So let's have gelato, shall we? Mom is dying to go to Piazza San Marco, which is near a place she's earmarked as a must visit for gelato. I won't go into detail, but it is by far the worst gelato we've had. The piazza is also a bit of a disappointment... reminds me of Campo de Fiore in Rome. Not a lot there. Maybe wrong time of day, or as Mom admits, it could be the wrong city. We will try again in Venice. 

On the way back home, Mom spots a large leather duffel bag in a shop window. We end up going in and having a lovely conversation with the lady who owns the shop and stitches a lot of the wares there herself. It's nice to have a break from the guys on the street telling you how they have the best, most high quality leather. Special price for you, Madame. She explains how leather "works" in Florence, that anybody can stamp anything. They have stopped using the traditional "I Medici" stamp because so many fakes have this on it. When the price is low in the market for something stamped with that, but made in China, it becomes hard to compete. Her shop has its own stamp now. She also shows us how a bag changes over time. The ones on the shelf are stiff. I would never have bought one, but the one she shows us that she's been using for two months is more broken in, and the one that is six years old is gorgeous she debs her nail across the leather, which makes me gasp, then rubs it out with water. She says some use milk, or just oil from your hands, it was really cool. And the answer is yes. Neither of us leave without something. Or things.

We drop stuff off at the apartment and head back out toward Boboli Gardens, only to find the closed. Boo. A little further is Piazza Michelangelo. Mom is tired, and walking slowly as we follow the path of the Arno River. It's a complete role reversal as she asks me repeatedly, "Are we there yet?"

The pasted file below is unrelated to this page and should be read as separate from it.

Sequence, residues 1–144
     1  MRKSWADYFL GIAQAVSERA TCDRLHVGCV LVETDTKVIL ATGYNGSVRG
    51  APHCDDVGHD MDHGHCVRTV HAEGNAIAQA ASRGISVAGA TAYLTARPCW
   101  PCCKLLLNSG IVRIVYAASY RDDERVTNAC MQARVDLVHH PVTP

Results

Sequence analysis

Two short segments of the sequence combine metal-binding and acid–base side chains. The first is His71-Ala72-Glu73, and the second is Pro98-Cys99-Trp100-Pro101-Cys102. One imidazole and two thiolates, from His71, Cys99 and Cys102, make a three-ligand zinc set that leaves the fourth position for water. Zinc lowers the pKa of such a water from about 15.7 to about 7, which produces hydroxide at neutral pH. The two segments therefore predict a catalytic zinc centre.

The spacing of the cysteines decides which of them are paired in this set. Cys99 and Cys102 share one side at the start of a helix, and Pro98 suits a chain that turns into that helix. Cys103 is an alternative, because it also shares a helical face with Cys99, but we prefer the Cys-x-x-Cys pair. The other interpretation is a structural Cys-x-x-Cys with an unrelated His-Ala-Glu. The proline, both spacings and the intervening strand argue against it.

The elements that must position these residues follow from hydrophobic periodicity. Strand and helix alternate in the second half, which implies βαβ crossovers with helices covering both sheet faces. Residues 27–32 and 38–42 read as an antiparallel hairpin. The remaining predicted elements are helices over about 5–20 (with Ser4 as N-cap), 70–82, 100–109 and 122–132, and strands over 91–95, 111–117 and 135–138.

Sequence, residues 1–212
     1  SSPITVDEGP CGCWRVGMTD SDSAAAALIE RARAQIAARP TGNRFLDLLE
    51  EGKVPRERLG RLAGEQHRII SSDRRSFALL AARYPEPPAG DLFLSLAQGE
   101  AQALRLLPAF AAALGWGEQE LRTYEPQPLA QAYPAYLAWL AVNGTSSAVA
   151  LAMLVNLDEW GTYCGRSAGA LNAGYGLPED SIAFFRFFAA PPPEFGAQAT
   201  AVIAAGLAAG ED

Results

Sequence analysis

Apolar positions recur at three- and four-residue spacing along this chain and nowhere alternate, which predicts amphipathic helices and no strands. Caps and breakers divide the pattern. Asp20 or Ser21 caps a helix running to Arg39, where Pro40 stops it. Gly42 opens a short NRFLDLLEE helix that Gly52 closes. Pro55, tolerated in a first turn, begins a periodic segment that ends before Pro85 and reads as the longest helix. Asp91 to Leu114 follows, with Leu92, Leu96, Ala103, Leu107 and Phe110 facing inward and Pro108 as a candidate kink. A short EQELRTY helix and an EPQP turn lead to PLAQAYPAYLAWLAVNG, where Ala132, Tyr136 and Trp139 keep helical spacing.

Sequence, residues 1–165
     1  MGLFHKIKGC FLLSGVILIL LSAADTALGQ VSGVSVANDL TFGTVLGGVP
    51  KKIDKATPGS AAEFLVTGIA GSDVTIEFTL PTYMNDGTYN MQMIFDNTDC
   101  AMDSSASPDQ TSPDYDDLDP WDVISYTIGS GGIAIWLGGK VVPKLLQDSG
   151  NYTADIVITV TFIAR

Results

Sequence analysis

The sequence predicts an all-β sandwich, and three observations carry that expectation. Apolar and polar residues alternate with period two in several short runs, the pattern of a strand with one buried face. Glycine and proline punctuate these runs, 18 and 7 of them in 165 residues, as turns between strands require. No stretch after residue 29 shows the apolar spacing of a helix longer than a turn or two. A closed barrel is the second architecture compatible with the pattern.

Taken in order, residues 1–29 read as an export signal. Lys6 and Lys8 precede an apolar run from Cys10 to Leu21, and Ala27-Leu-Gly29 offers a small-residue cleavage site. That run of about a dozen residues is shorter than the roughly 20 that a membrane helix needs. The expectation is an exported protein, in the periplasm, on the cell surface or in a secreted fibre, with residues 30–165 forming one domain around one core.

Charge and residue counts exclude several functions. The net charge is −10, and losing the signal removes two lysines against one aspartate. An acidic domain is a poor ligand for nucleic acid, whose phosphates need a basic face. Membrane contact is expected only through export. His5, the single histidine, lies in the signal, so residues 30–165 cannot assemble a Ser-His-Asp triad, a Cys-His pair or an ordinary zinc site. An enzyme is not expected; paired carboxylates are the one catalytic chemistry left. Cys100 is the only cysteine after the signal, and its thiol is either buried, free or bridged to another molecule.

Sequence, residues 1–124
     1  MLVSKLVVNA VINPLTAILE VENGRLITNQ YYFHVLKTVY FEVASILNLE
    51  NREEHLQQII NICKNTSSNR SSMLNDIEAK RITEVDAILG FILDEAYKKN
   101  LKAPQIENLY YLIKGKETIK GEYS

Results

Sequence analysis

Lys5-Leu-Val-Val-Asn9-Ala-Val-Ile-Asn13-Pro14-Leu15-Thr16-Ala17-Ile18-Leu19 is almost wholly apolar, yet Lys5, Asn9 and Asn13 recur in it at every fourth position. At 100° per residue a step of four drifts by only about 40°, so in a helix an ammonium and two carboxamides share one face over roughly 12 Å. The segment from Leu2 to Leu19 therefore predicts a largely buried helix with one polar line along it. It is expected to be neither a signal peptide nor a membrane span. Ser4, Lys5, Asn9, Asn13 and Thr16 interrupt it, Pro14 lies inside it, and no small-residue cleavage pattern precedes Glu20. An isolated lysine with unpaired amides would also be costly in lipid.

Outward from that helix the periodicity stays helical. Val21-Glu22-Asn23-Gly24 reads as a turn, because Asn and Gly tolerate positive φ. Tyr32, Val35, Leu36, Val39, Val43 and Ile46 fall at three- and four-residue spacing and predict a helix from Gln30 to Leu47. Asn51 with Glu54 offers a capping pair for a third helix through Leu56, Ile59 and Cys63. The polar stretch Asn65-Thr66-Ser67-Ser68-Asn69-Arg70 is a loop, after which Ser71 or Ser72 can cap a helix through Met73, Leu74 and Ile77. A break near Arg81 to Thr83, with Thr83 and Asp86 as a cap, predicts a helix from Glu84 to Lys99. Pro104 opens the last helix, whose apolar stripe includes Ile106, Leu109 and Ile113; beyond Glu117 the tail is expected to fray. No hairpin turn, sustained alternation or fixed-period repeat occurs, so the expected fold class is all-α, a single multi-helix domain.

No... and don't you make me pull this car over.

A car is what she wishes we had as we cross through the medieval city walls towed the hill where the bronze replica of the David lives with what is supposed to be the most amazing view of Florence. We get to the base of stairs that literally lead up s far as you can see. I take my comments about the Cinque Terre back... THIS is the stairway to heaven. I look back and mom is standing there, hands on her hips, looking like she wants to be sick. I walks back and tell her it's getting dark. I want to get a panoramic shot before it gets too dark. She's not happy. Not about me, mind you, about the stairs. I suggest a cab. She says she will just take her time as I start my ascent. 

When I get to the second set of stairs... the ones you can't even see from where we began, I figure mom is going to kill me either way -- whether she has to climb, or wait -- so I keep going. The view from the top is so spectacular. When I arrive, the sun has just set casting pink and purple hues I to the sky, staining the clouds in their glorious pastels. You can literally see everything from here: the outline of the ancient walls we've just passed through, the Ponte Vecchio and the Arno winding under and then through the city, the Duomo, rising spectacularly in the middle of it all. It is amazing. I snap a few pictures as quickly as I can, then run back to collect mom from the bottom of the hill. To my surprise, she's made it to the top. Tough girl. She can't breathe and she's hurt her knee, but where she is, she can't see what I've seen. I coax her over, and though still mad, tired and in a bit of pain, she softens. 

That amazing.

After a glass of wine bought from a street vendor and some lovely music, we hail a cab and head back to Piazza Santo Spirito. We have dinner at the same place we did last night. Mom orders the Riboletta, which is just as good as this afternoon and with lots of spinach, and I got the X-rated mac 'n cheese. Decidedly unoriginal. I don't care -- it was that damn good. 

 Gnocchi Part 2 is not disappointing.